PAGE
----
A British man has been jailed for 36 years for murdering a teenage girl in Spain in August 2003. Detectives want to question him about a number of murders and rapes in Britain. The case highlights the dangers of sex offenders travelling across the EU.
When the British barman was arrested on suspicion of the murder of Sonia Carabantes in the summer of 2003 the question on everybody's lips was: "Who is he?"
1986: Tony Bromwich is jailed for 10 years for a series of sex attacks in north London
1995: He leaves jail and changes name by deed poll to King
1997: Moves to Spain with his wife, Cecilia
1999: Separates from Cecilia.Rocio Wanninkhof killed
Aug 2003: Murders Sonia Carabantes, 17, in Coin, Spain
Nov 2005: Convicted of murder and jailed for 36 years
Only later did it emerge that the man who told Spanish police he was Tony King was better known to British detectives as Tony Bromwich.
Bromwich had been jailed for 10 years in 1986 for a series of sex attacks in north London which earned him the sobriquet "the Holloway Strangler".
He was released from jail in 1995.
In 1997 he moved to the Costa del Sol with his Spanish wife, Cecilia, but the couple separated two years later.
She told the court she had suspected him of being involved in the murder of another girl, Rocio Wanninkhof, 19, who was killed in 1999.
But she did not go to the police until after the murder of 17-year-old Sonia, whose body was found partially covered by rocks near the town of Coin on 14 August 2003.
She had been strangled, beaten and stripped.
Rocio Wanninkhof (right) was killed four years before Sonia Carabantes
On that night King came to see her, with his face scratched and his clothes covered in blood.
Mrs King went to Spanish police and handed over all her estranged husband's personal documents, including his passport and a deed poll certificate which showed he had changed his name.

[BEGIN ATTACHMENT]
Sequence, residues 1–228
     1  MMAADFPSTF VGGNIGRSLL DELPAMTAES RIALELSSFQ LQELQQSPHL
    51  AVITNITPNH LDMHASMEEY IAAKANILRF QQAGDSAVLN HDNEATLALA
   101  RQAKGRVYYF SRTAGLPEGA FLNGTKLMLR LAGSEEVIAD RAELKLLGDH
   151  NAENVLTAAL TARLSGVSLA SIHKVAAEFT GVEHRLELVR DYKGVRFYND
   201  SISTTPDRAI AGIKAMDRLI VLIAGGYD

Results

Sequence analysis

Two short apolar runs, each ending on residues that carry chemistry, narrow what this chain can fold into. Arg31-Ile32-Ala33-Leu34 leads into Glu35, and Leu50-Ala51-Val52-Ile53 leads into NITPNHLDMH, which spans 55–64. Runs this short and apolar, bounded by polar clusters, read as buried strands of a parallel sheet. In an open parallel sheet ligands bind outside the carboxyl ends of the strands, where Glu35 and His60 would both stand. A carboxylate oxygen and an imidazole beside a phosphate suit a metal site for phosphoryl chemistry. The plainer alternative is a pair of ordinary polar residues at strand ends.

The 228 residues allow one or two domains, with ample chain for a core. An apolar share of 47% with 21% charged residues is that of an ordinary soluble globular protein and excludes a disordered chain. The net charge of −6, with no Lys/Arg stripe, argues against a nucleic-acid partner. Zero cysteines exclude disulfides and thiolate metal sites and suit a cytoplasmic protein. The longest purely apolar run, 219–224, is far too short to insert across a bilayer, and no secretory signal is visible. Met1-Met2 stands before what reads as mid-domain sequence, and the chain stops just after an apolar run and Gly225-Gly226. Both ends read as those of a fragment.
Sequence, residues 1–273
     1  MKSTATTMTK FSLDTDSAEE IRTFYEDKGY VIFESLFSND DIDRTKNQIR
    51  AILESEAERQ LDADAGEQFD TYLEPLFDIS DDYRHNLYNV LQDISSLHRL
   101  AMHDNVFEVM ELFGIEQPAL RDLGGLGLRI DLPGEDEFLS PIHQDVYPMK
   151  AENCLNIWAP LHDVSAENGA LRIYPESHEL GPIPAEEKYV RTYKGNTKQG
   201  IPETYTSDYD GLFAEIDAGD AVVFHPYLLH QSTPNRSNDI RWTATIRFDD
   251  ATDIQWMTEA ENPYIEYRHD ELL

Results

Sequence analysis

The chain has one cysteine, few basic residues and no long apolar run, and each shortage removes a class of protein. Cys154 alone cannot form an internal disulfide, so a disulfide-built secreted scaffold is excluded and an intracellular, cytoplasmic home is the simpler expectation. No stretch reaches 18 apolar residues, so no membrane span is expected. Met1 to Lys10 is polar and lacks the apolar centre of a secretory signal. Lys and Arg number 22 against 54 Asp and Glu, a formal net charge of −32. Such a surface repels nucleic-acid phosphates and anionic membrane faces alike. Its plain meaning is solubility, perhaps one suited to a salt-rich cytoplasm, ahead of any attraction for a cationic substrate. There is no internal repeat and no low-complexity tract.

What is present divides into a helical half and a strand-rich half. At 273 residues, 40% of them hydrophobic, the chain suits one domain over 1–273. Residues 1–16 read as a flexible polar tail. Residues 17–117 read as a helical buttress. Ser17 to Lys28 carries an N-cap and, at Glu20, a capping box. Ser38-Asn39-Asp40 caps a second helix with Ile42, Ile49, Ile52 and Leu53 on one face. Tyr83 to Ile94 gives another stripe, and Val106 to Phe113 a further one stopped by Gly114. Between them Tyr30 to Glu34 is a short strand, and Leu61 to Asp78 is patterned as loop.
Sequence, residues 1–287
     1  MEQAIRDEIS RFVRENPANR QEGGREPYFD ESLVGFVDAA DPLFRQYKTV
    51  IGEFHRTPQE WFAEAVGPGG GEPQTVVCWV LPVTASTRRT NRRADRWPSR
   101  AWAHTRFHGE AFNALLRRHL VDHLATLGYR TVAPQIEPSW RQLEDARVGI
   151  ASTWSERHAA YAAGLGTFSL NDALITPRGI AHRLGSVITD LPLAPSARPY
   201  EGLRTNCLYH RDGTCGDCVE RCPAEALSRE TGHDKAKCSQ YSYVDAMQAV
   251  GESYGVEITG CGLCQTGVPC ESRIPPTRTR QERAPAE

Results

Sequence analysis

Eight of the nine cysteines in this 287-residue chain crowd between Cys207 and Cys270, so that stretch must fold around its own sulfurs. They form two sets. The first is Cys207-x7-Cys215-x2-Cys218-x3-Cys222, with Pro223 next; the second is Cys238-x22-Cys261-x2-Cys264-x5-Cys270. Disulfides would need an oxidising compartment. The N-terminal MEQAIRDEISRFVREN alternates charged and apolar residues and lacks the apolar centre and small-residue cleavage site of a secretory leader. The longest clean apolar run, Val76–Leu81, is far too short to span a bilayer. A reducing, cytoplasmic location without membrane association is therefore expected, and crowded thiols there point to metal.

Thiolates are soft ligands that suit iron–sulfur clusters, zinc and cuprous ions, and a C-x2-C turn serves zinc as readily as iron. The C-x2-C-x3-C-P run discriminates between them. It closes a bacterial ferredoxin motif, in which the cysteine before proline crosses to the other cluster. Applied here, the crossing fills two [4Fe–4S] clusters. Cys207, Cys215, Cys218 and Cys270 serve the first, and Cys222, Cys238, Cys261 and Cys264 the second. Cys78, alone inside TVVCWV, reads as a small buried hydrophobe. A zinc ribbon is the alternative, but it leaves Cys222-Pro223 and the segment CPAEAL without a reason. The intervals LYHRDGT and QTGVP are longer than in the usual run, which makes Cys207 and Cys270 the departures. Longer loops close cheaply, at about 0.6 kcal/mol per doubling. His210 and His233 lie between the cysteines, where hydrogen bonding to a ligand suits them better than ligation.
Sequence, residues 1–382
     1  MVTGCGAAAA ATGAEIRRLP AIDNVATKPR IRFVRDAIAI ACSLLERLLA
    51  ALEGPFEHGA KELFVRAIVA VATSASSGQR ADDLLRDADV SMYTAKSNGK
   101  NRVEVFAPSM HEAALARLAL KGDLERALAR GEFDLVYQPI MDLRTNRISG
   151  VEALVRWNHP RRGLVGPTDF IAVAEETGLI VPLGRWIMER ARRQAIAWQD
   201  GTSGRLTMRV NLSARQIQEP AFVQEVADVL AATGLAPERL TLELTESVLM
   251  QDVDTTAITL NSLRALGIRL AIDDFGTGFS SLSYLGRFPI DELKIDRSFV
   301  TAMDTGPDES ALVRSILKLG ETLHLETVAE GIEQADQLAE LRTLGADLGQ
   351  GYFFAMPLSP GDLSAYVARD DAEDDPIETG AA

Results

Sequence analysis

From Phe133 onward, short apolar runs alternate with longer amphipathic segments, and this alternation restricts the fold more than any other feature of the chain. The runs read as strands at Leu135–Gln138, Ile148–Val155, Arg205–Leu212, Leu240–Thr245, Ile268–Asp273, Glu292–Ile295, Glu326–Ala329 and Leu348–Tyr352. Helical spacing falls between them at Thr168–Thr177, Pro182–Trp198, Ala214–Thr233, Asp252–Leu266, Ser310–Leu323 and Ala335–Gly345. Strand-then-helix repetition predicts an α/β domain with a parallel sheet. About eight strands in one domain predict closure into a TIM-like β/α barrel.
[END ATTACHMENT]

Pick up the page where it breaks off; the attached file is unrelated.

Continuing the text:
Spanish police soon arrested him and then contacted their colleagues in Britain, who were interested to take the call.
Scotland Yard had wanted to speak to King, 40, about a number of unsolved murders and rapes which they thought might fit his modus operandi.
Ten officers were deployed to Operation Washfield, as it became known, which began to dig into King's past while liaising with police in Spain.
Commander Andy Baker, one of the Yard's most senior detectives, admitted the murder of 13-year-old Milly Dowler was among those they were investigating.
Milly vanished on her way back to her home in Walton-on-Thames, Surrey in March 2002. Her body was found in Hampshire six months later.
Police want to talk to King about the murder of Milly Dowler
Police forces in five different parts of Britain want to talk to King about a total of four murders and two rapes.
King admitted to murdering Sonia and Rocio when first interviewed by police in Spain but he retracted his confessions at the beginning of his trial.
The Tony King case highlights the problem of keeping tabs on sex offenders within the European Union.
When King was arrested the then Spanish interior minister, Angel Acebes, admitted the authorities had received a warning about King in 1998, which had been passed on by Interpol from British police.
Mr Acebes, who was ousted in 2004 when the government was turfed out in the wake of the Madrid train bombings, said at the time the warning was "about certain records in Britain and the activities that this individual was involved in".
But he pointed out the Spanish police received thousands of similar messages each year.
King changed his name from Bromwich after leaving jail
Plans are afoot to improve the system of information-sharing between European police forces but it is not clear when the system will come into effect.
Forces across Europe are aware of the problem which was last highlighted with the case of British teenager Caroline Dickinson, who was murdered in France by a Spaniard who had committed crimes all over Europe.
King will serve 30 years in prison in Spain but he can expect plenty of visitors during that time as British detectives queue up to talk to him.